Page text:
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19 Sep 2019
Adam Bate Confused.com

The energy supplier switching process

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Taking the headache out of the energy switching process

Changing your gas or electricity supplier needn't be a hassle, but for some it can seem quite confusing. Here's what happens when you decide to switch your energy supplier.

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How does the energy switching process work?

The first step is to compare energy tariffs with Confused.com. You’ll need to answer a couple of simple questions about your property and how much energy you use. If you’ve got a bill to hand then our quotes will be more accurate, but don’t worry if you can’t find one – we’ve done enough comparisons to give you a pretty good estimate.

We’ll deliver a list of tariffs available to you, sorted in order of how much you can save by switching. Just pick the price that’s best for you and select the switch button.

We’ll need a couple more details so your new provider can set up your account, and then they will contact your existing provider on your behalf to kick off your switch.

What happens once I've chosen a new supplier?

Your new provider will do everything for you, but you may need to supply them with a meter reading for your final bill. If you aren’t able to read your meter, then they may send someone to read it for you

If I switch, will there be any interruption to my gas or electricity supply?

None at all. Your new supplier will use the same wires, pipes and meters that you currently use. They will also contact your existing supplier to arrange for the transfer of your supply. The only thing that you will notice is that your bill will come from your new provider.

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What should I consider when choosing a new gas and electricity supplier?

There are a lot of things to take into account when deciding which supplier is best for you. Firstly, and most obviously, you’ll probably be looking at the price and the savings you will make on your current deal. However, you may also want to consider the following:

Payment options

Discounts are available for paying bills by direct debit; although there can be stipulations such as monthly payments if you want to qualify for this (check the terms and conditions). Alternatively, if you don’t have a bank account, other payment options may be available.

Benefits and special offers

There are plenty of incentives out there for switching as energy firms compete for your custom. Factor in how much of a saving these will bring but remember to think about how much you’ll be paying in the long run.

Customer service

You might want to make sure that you pick an energy company with a good customer service rating – if something goes wrong and you need to speak to your energy provider, a company with a poor service rating can make this a painful and frustrating experience.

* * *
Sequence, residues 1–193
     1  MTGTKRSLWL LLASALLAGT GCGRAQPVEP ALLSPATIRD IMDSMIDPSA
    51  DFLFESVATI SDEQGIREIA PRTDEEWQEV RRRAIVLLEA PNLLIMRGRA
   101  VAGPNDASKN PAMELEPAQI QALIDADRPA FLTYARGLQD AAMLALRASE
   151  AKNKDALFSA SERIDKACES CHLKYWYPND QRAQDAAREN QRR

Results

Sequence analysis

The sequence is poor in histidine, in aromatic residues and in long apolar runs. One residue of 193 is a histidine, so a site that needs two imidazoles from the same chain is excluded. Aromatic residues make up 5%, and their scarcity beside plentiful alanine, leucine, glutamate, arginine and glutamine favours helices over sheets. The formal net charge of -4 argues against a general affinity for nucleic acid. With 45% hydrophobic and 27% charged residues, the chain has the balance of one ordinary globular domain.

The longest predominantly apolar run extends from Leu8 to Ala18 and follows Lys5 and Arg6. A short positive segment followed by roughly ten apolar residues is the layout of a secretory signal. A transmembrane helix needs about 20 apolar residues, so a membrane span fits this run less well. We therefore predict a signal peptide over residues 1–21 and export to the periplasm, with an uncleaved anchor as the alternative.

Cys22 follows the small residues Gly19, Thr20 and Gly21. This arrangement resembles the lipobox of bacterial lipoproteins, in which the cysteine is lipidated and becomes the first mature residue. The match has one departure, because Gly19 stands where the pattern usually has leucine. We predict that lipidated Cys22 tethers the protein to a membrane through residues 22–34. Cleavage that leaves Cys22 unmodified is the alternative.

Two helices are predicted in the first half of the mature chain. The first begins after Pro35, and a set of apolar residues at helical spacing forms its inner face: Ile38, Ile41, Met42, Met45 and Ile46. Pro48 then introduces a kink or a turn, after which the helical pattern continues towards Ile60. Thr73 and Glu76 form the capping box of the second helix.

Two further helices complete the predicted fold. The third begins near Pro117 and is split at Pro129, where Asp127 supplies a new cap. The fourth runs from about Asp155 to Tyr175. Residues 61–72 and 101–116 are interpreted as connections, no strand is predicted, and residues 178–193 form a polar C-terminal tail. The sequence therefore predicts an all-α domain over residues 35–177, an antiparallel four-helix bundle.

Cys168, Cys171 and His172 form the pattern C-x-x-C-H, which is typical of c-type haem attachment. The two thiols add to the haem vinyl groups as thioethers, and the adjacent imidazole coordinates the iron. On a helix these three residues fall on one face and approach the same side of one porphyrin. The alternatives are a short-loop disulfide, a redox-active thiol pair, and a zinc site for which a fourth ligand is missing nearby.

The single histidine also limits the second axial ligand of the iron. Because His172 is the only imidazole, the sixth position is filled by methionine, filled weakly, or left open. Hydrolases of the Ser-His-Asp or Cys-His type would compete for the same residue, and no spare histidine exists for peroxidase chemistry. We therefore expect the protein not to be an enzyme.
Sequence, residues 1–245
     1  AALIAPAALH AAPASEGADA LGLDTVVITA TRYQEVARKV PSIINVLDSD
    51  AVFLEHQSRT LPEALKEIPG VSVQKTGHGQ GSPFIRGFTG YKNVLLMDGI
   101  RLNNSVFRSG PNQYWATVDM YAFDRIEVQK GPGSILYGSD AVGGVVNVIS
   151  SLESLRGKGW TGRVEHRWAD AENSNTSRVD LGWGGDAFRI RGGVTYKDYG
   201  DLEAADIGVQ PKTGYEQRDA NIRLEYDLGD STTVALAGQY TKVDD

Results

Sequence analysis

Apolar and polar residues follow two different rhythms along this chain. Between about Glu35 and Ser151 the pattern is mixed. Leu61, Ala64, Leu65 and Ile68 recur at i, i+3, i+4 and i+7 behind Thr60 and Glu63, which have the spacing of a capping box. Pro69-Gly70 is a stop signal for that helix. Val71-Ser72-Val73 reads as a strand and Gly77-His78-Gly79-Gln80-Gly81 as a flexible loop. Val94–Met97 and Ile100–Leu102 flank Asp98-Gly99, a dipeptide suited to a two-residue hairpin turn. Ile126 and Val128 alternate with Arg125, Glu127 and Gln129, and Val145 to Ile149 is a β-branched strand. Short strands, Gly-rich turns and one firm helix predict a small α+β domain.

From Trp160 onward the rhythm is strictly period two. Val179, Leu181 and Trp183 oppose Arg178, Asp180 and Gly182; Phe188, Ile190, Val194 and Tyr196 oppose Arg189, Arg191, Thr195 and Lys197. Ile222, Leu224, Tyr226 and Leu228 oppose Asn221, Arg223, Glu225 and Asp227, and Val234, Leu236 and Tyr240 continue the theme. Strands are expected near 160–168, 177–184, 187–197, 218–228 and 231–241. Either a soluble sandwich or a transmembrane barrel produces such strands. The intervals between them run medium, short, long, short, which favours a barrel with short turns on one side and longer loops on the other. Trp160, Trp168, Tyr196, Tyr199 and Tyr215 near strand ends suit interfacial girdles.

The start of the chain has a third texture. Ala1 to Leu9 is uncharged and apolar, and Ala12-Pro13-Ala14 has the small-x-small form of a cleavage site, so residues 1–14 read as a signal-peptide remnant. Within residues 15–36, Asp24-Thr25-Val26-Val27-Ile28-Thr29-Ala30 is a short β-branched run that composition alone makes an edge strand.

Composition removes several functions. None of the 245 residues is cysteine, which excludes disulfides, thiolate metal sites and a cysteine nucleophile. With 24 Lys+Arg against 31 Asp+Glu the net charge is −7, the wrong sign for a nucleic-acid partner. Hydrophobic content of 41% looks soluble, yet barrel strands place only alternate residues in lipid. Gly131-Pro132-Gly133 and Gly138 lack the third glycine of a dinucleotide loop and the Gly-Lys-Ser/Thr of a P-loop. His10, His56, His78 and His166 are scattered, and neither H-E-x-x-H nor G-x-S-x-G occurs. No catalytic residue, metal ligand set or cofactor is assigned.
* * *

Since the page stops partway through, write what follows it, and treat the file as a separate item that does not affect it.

Do I need to contact my current energy supplier if I choose to switch?

No. Your new energy supplier will arrange everything for you. Once you have chosen your new supplier and agreed to switch to them, they will arrange for the transfer to take place. We recommend that you pay any final bills promptly and if you do pay by direct debit or standing order, it’s good practice to cancel these arrangements once the final bill has been paid.

How long will it take until my new supplier supplies my energy?

The majority of energy suppliers are now signed up to the Energy Switch Guarantee which means your switch will take no longer than 21 days. This includes your statutory 14 day cooling off period during which you can change your mind.

What about my existing direct debit?

If you have a direct debit with your current supplier, you should cancel it once you've paid your final bill and confirmed the transfer of your supply.

Your existing energy supplier will confirm this process with you.

Can my current supplier prevent me from switching to a new supplier?

As long as you are not in debt with your existing supplier, they can’t prevent you from switching.

Your current supplier may object if they have billed you and you have failed to pay that bill for more than 28 days.

If this happens, your existing supplier will write to you to inform you.

Can I switch energy if I work from home?

You can still switch energy supplier if you work or run your business from home. But if half or more of the energy you use is for business purposes, you’ll need to take out a business energy contract.

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